[1] 1 1 1 0 0 1 0 0 1 [1] 1 1 0 0 1 1 0 0 1 [1] 1 1 0 1 1 0 0 0 1 [1] 0 1 0 1 1 1 0 0 1 [1] 0 1 1 1 0 1 0 0 1 [1] 1 1 1 1 0 0 0 0 1 [1] 0 1 1 1 1 0 0 0 1 [1] 0 0 1 1 1 0 0 1 1 [1] 0 0 1 1 0 0 1 1 1 [1] 0 0 1 0 0 1 1 1 1

and a 19 step solution for n=4:

[1] 1 0 0 0 0 1 0 0 0 1 1 1 0 0 0 1 [1] 1 0 0 0 0 1 0 0 0 0 1 1 0 0 1 1 [1] 1 0 0 0 0 1 1 0 0 0 1 1 0 0 1 0 [1] 1 1 0 0 0 1 1 0 0 0 0 1 0 0 1 0 [1] 1 1 0 0 0 0 1 1 0 0 0 1 0 0 1 0 [1] 1 1 1 0 0 0 1 1 0 0 0 0 0 0 1 0 [1] 1 0 1 1 0 0 1 1 0 0 0 0 0 0 1 0 [1] 1 1 1 1 0 0 1 0 0 0 0 0 0 0 1 0 [1] 1 1 0 1 0 1 1 0 0 0 0 0 0 0 1 0 [1] 1 0 0 1 1 1 1 0 0 0 0 0 0 0 1 0 [1] 0 0 0 1 1 1 1 0 0 0 1 0 0 0 1 0 [1] 0 0 0 1 1 1 0 0 0 1 1 0 0 0 1 0 [1] 0 0 0 1 1 1 0 0 1 1 0 0 0 0 1 0 [1] 0 0 0 1 0 1 0 0 1 1 0 0 0 1 1 0 [1] 0 0 0 1 0 1 0 0 1 0 0 0 1 1 1 0 [1] 0 0 0 1 1 1 0 0 1 0 0 0 1 0 1 0 [1] 0 0 0 1 0 1 0 0 1 1 0 0 1 0 1 0 [1] 0 0 0 1 0 1 0 0 0 1 1 0 1 0 1 0 [1] 0 0 0 1 0 1 1 0 0 1 1 0 1 0 0 0

The first resolution takes less than a minute and the second one just a few minutes (or less than my short morning run!). Surprisingly, using this approach does not require more work, which makes me wonder at the solution Le Monde journalists will propose. Given the (misguided) effort put into my resolution, seeing a larger number of points for this puzzle is no wonder.

## Le Monde puzzle [#1068]

Posted in Books, Kids, R with tags CEREMADE, competition, Dauphine, Le Monde, mathematical puzzle, optimisation, R, simulated annealing on September 26, 2018 by xi'an**A**nd here is the third Le Monde mathematical puzzle open for competition:

Consider for this puzzle only integers with no zero digits. Among these an integer x=a¹a²a³… isrefinedif it is a multiple of its scion, the integer defined as x without the first digit, y=a²a³…. Find the largest refined integer x such the sequence of the successive scions of x with more than one digit is entirely refined. An integer x=a¹a²a… is distilled if it is a multiple of its grand-scion, the integer defined as x without the first two digits, z=a³… Find the largest distilled integer x such the sequence of the successive scions of x with more than two digits is entirely distilled.

Another puzzle amenable to a R resolution by low-tech exploration of possible integers, first by finding refined integers, with no solution between 10⁶ and 10⁸ [*meaning there is no refined integer larger than 10⁶*] and then checking which refined integers have refined descendants, e.g.,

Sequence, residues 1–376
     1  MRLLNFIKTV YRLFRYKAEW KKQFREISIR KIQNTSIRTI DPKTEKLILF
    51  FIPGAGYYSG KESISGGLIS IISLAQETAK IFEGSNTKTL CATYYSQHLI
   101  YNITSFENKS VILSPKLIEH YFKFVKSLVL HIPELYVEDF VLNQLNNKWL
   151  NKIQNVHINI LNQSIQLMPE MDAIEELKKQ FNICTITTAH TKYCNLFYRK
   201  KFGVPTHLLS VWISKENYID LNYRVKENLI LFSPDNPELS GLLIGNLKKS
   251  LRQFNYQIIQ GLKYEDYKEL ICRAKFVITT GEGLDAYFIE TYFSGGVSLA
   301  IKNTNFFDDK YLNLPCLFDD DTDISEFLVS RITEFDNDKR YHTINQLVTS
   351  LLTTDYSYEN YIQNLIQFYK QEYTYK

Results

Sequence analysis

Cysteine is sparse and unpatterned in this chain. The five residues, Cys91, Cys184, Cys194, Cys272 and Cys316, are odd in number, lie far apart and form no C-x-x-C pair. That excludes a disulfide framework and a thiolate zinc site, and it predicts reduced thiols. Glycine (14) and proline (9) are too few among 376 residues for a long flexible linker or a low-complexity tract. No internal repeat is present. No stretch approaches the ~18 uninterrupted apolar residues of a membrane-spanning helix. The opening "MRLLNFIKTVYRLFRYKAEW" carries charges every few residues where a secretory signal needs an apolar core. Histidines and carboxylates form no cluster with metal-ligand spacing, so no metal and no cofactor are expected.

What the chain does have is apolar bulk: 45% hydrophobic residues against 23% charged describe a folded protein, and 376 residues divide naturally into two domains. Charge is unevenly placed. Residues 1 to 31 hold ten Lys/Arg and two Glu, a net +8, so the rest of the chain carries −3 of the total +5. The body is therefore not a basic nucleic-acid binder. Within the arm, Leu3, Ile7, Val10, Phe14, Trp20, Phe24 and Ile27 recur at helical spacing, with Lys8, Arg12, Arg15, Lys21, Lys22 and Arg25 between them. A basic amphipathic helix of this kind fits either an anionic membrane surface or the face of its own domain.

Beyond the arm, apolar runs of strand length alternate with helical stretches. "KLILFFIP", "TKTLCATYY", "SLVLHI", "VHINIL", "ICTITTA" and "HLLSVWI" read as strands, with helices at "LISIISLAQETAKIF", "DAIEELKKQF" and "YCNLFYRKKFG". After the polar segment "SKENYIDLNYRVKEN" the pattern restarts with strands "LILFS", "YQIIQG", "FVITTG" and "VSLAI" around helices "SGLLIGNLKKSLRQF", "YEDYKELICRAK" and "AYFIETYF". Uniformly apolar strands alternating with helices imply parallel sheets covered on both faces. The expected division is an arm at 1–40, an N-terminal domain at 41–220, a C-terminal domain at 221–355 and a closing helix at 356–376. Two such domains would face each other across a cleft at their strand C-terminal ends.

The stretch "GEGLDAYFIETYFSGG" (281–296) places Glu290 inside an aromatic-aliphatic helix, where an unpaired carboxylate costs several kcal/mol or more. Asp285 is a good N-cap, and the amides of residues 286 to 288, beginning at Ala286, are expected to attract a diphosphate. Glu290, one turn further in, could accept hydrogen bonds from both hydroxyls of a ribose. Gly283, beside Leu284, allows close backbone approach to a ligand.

raf=NULL for (x in (1e1+1):(1e6-1)){ y=x%%(10^trunc(log(x,10))) if (y>0){ if (x%%y==0) raf=c(raf,x)}}

that returns 95 refined integers. And then

for (i in length(raf):1){ gason=raf[i] keep=(gason%in%raf) while (keep&(gason>100)){ gason=gason%%(10^trunc(log(gason,10))) keep=keep&(gason%in%raf)} if (keep) break()}}

that returns 95,625 as the largest refined integer with the right descendance. Rather than finding all refined integers at once, going one digit at a time and checking that some solutions have proper descendants is actually faster.

Similarly, running an exploration code up to 10⁹ produces 1748 distilled integers, with maximum 9,977,34,375, so it is unlikely this is the right upper bound but among these the maximum with the right distilled descendants is 81,421,875. As derived by

rad=(1:99)[(1:99)%%10>0] for (dig in 2:12){ for (x in ((10^dig+1):(10^{dig+1}-1))){ y=x%%(10^{dig-1}) if (y>0){ if (x%%y==0){ if (min(as.integer(substring(x,seq(nchar(x)),seq(nchar(x)))))>0){ rad=c(rad,x) y=x%%(10^dig) keep=(y%in%rad) while (keep&(y>1e3)){ y=y%%(10^trunc(log(y,10))) keep=keep&(y%in%rad)} if (keep) solz=x}}}} if (solz<10^dig) break() topsol=max(solz)}

## Le Monde puzzle [#1066]

Posted in Books, Kids, R with tags CEREMADE, competition, Dauphine, Le Monde, mathematical puzzle, optimisation, R, simulated annealing on September 13, 2018 by xi'an**R**ecalling Le Monde mathematical puzzle first competition problem

For the X table below, what are the minimal number of lights that are on (green) to reach the minimal and maximal possible numbers of entries (P) with an even (P as pair) number of neighbours with lights on? In the illustration below, there are 16 lights on (green) and 31 entries with an even number of on-neighbours.

*As suggested last week, this was amenable to a R resolution by low-tech simulated annealing although the number of configurations was not that large when accounting for symmetries. The R code is a wee bit long for full reproduction here but it works on moving away from a random filling of this cross by 0’s and 1’s, toward minimising or maximising the number of P’s, this simulated annealing loop being inserted in another loop recording the minimal number of 1’s in both cases. A first round produced 1 and 44 for the minimal and maximal numbers of P’s, respectively, associated with at least 16 and 3 1’s, respectively, but a longer run exhibited 45 for 6 1’s crossing one of the diagonals of the X, made of two aligned diagonals of the outer 3×3 tables. (This was confirmed by both Amic and Robin in Dauphine!) The next [trigonometry] puzzle is on!*

## journée algorithmes stochastiques à Dauphine vendredi

Posted in Statistics, University life with tags CEREMADE, computational statistics, MCMC, Paris, sequential Monte Carlo, Statistics, stochastic algorithms, stochastic optimisation, tea, Université Paris Dauphine, workshop on November 28, 2017 by xi'an**A** final reminder (?) that we hold a special day of five talks around stochastic algorithms at Dauphine this Friday, from 10:00 till 17:30. Attendance is free, coffee and tea are free (while they last!), come and join us!